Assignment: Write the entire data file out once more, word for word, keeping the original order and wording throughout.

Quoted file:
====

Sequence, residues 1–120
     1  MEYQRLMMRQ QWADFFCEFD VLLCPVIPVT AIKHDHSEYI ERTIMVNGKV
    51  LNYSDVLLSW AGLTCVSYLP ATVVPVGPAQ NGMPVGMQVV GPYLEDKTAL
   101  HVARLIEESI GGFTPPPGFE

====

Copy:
Sequence, residues 1–120
     1  MEYQRLMMRQ QWADFFCEFD VLLCPVIPVT AIKHDHSEYI ERTIMVNGKV
    51  LNYSDVLLSW AGLTCVSYLP ATVVPVGPAQ NGMPVGMQVV GPYLEDKTAL
   101  HVARLIEESI GGFTPPPGFE